Spanish artist A.L. Crego is a digital artist through and through. But it wasn’t until he merged his GIF art with the web that he truly felt his heart sing. He talks to Nina Knaack about finding both canvas and museum in the digital realm, the certifying power of blockchain, and why web3 has finally given the internet a soul.
“It is important to understand my GIFs as motion paintings, not as excerpts of video,” A.L. Crego emphasises. The Spanish artist has a profound fascination with his medium, but what makes his heart sing is its convergence with the internet. Although digital art has existed since the 1950s, when computing pioneer and artist Ben F. Laposky created the world’s first computer graphics, what it means to be a digital creator has changed enormously since the internet connected all those creators, alongside collectors, viewers, and everyone else, together.
Crego has always been a digital creator, though not always on a computer. Self-taught, he began his artistic journey as a photographer. Hailing from a small village in Galicia, North West Spain, the cultural activities of Crego’s youth were limited to an old cinema that screened films months after their release.
It was this “lack of opportunities” in his hometown that led Crego to explore other avenues of artistic expression. Books played a crucial role, allowing him to “meet diverse individuals, places, and experiences” that he might not have encountered in real life. The visual images that these books conjured in his mind ignited an interest in capturing moments in time that he has carried with him throughout his life and into his art.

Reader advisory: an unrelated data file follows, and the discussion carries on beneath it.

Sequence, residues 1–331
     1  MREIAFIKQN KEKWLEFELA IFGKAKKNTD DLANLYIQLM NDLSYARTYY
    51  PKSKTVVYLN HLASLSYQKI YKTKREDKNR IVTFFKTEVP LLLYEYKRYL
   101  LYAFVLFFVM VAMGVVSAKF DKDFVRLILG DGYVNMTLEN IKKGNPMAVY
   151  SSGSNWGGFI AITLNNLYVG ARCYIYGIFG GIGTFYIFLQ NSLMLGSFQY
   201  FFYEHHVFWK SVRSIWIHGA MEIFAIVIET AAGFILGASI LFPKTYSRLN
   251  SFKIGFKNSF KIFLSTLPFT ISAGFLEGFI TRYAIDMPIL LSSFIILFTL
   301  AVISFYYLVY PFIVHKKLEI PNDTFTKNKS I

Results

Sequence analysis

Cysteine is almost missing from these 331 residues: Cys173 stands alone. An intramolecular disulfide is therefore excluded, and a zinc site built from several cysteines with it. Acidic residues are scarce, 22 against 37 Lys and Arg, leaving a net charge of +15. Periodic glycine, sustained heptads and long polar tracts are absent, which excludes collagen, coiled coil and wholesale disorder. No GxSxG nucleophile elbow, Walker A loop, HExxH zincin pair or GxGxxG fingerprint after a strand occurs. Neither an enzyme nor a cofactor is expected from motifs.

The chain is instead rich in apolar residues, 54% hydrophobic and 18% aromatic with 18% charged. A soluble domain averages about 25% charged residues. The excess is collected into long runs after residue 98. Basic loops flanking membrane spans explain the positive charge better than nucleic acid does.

For Crego, photography is a language that speaks volumes without the need for words. But despite his passion for the craft, Crego ended up leaving the photography school that he had initially leapt into, frustrated by what he saw as an old-fashioned approach to photography. Upon leaving formal education, he began to explore a medium that he saw as more expressive, and more suited to his own artistic era: street art GIFs.
And as luck — coupled with significant hard work — would have it, he quickly gained popularity online with his looping videos. All at once, Crego saw the best and the worst of the internet. On the plus side, his clips spread widely across myriad websites, used by celebrities, brands, and everyone in between, giving him audiences he could never have imagined. On the other hand, however, his work often went uncredited and uncompensated.
Blockchain was an obvious solution to this problem. Crego had been aware of the tech since 2014, but only explored it for himself when he saw it being applied to the cultural world that he inhabited. It was only a few years later that he fully engaged with the NFT marketplaces that would take the world by storm. In late 2018, he was invited to join Makersplace’s upcoming platform and minted his first works the following year.
As he puts it, he embraced the blockchain because it lets him verify the authenticity of his own work amidst a plethora of other creations. In turn, the digital realm has now become entirely sufficient for his art. “It is both the canvas and the museum,” he says.